294

Disposition of Surplus Highly Enriched Uranium  

Energy.gov (U.S. Department of Energy (DOE)) Indexed Site

@ @ Printed with soy ink on recycled paper. ,, ,, This report has been reproduced directly from the best available copy. Available to DOE and DOE contractors horn the Office of Scientific and Technical Information, P.O. Box 62, Oak Ridge, TN 37831; telephone (423) 576-8401 for prices, Available to the public from the National Technical Information Service, 5285 Port Royal Road, Springfield, VA 22161. Copies of this document are available (while supplies last) upon written request to: Office of Fissile Materials Disposition, MD-4 ' Forrestal Building United States Department of Energy 1000 Independence Avenue, SW Washington, DC 20585 Department of Energy Washington, DC 20585 June 1996 Dear hterested Party: The Disposition of Surplus Highly Enriched Uranium Final Environmental Impact Statemnt is enclosed for your information. This document has been prepared in accordance

295

FRACTURE DETECTION IN CRYSTALLINE ROCK USING ULTRASONIC SHEAR WAVES  

E-Print Network (OSTI)

the piezoelectric source plate and the rock surface. With aThe S^j sources were bonded to the rock surface with a fast-^ source plate was epoxied in position on the rock specimen.

Waters, K.H.

2011-01-01T23:59:59.000Z

296

CONVERSION RATIOS IN SLIGHTLY ENRICHED URANIUM, WATER MODERATED LATTICES  

SciTech Connect

An experiment is described in which the conversion ratios were measured using highly enriched U-Al foils as catchers. Data are included on the ratios of epi-cadmium to sub-cadmium fission rates of U/sup 235/ in l% enriched U light water moderated lattices, and on conversion ratios of 1% enriched U light water moderated lattices. (J.R.D.)

Tassan, S.

1963-10-31T23:59:59.000Z

297

Research Reactor Preparations for the Air Shipment of Highly Enriched Uranium from Romania  

SciTech Connect

In June 2009 two air shipments transported both unirradiated (fresh) and irradiated (spent) Russian-origin highly enriched uranium (HEU) nuclear fuel from two research reactors in Romania to the Russian Federation for conversion to low enriched uranium. The Institute for Nuclear Research at Pitesti (SCN Pitesti) shipped 30.1 kg of HEU fresh fuel pellets to Dimitrovgrad, Russia and the Horia Hulubei National Institute of Physics and Nuclear Engineering (IFIN-HH) shipped 23.7 kilograms of HEU spent fuel assemblies from the VVR S research reactor at Magurele, Romania, to Chelyabinsk, Russia. Both HEU shipments were coordinated by the Russian Research Reactor Fuel Return Program (RRRFR) as part of the U.S. Department of Energy Global Threat Reduction Initiative (GTRI), were managed in Romania by the National Commission for Nuclear Activities Control (CNCAN), and were conducted in cooperation with the Russian Federation State Corporation Rosatom and the International Atomic Energy Agency. Both shipments were transported by truck to and from respective commercial airports in Romania and the Russian Federation and stored at secure nuclear facilities in Russia until the material is converted into low enriched uranium. These shipments resulted in Romania becoming the 3rd country under the RRRFR program and the 14th country under the GTRI program to remove all HEU. This paper describes the research reactor preparations and license approvals that were necessary to safely and securely complete these air shipments of nuclear fuel.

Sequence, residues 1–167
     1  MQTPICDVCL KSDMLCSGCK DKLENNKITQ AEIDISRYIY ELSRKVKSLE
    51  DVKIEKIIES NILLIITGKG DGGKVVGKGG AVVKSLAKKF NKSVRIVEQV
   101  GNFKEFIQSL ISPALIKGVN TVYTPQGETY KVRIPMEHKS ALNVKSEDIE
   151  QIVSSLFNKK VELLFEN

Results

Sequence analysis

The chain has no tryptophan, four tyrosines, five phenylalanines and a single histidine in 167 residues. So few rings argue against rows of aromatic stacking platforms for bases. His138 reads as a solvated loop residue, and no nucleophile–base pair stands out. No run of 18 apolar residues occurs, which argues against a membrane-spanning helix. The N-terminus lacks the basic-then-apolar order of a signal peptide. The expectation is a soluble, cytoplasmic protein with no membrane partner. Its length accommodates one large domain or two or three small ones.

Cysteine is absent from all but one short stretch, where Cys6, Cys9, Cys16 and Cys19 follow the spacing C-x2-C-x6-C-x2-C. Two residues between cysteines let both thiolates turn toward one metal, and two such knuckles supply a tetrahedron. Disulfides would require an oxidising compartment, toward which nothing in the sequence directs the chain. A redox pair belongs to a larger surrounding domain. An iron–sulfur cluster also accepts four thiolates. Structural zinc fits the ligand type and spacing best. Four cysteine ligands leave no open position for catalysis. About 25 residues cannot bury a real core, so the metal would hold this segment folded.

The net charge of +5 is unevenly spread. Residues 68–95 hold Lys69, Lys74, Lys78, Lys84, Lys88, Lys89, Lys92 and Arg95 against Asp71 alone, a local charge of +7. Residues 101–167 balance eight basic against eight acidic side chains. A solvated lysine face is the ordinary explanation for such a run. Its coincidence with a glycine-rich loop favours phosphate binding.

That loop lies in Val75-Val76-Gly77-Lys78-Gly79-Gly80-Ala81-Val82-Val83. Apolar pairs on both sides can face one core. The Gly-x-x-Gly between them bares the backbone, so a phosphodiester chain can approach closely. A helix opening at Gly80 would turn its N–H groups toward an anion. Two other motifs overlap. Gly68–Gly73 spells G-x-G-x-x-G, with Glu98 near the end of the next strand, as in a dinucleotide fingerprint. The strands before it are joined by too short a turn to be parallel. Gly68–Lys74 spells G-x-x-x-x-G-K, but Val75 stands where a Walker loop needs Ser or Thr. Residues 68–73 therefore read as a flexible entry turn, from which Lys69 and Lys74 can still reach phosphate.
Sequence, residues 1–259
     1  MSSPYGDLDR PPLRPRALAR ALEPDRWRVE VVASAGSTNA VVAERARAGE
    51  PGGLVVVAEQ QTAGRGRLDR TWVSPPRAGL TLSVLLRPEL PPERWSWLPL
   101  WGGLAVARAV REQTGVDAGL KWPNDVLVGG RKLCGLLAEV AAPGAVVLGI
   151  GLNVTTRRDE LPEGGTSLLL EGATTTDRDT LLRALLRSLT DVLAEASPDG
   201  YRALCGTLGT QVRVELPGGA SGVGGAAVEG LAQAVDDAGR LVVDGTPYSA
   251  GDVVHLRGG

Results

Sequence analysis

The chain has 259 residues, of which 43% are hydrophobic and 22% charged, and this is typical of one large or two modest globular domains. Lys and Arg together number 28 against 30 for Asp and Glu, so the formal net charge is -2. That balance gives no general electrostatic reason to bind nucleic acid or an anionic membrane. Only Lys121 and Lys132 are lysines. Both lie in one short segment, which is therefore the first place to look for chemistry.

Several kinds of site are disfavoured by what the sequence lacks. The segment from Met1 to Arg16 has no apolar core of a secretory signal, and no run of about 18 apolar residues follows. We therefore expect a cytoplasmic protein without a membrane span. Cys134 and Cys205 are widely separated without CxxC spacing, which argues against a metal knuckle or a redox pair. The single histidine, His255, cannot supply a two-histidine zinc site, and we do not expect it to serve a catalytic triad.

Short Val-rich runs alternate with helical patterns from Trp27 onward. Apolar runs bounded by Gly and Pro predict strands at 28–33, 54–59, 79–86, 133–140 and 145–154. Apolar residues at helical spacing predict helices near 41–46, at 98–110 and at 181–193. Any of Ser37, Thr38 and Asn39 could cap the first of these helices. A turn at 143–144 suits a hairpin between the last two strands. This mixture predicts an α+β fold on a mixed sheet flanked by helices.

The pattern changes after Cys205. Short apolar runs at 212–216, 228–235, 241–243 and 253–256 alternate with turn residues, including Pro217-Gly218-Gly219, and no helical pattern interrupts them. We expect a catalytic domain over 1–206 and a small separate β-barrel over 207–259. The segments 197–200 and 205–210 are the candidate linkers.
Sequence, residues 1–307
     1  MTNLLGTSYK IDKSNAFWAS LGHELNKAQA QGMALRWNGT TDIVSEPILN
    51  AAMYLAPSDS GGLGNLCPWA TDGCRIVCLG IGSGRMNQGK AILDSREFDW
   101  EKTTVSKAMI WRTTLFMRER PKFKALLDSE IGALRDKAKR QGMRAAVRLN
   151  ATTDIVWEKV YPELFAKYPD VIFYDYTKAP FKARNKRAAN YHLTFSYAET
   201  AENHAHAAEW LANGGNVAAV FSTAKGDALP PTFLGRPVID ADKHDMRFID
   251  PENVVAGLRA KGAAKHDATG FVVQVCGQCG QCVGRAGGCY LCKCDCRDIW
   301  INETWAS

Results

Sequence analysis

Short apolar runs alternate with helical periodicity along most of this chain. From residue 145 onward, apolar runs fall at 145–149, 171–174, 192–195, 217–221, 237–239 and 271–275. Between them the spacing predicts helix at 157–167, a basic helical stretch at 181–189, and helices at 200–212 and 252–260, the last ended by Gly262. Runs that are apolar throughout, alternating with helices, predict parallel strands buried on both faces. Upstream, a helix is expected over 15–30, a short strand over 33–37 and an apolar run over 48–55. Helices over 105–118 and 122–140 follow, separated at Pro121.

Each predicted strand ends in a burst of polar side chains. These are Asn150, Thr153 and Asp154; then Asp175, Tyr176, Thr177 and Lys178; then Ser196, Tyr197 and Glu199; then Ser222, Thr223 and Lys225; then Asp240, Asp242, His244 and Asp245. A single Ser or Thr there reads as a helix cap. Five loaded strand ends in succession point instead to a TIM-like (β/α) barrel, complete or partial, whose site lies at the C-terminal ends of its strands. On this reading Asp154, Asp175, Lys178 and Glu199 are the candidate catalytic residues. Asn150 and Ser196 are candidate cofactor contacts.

K. J. Allen; I. Bolshinsky; L. L. Biro; M. E. Budu; N. V. Zamfir; M. Dragusin; C. Paunoiu; M. Ciocanescu

2010-03-01T23:59:59.000Z

298

Economic and Non-proliferation Policy Considerations of Uranium Enrichment in Brazil and Argentina  

Science Conference Proceedings (OSTI)

The nuclear development programs of both Argentina and Brazil have, since the 1970s, been premised on the desire for self-sufficiency and assurance of nuclear fuel supply. While military rivalry and mutual distrust led to nuclear weapons related development programs in the 1970s and 1980s, both countries have since terminated these programs. Furthermore, the governments of both countries have pledged their commitment to exclusively non-explosive use of nuclear energy and have signed the Non Proliferation Treaty (NPT). Utilizing rights provided for under the NPT, both Argentina and Brazil have nuclear fuel production facilities, with the notable exception of enrichment plants, that provide much of the current indigenous fuel requirements for their nuclear power plants. However, both countries are actively developing enrichment capability to fill this gap. The purpose of this report is to assess the economic basis and non-proliferation policy considerations for indigenous enrichment capability within the context of their desired self-sufficiency and to evaluate possible United States Government policy options.

Short, Steven M.; Phillips, Jon R.; Weimar, Mark R.; Mahy, Heidi A.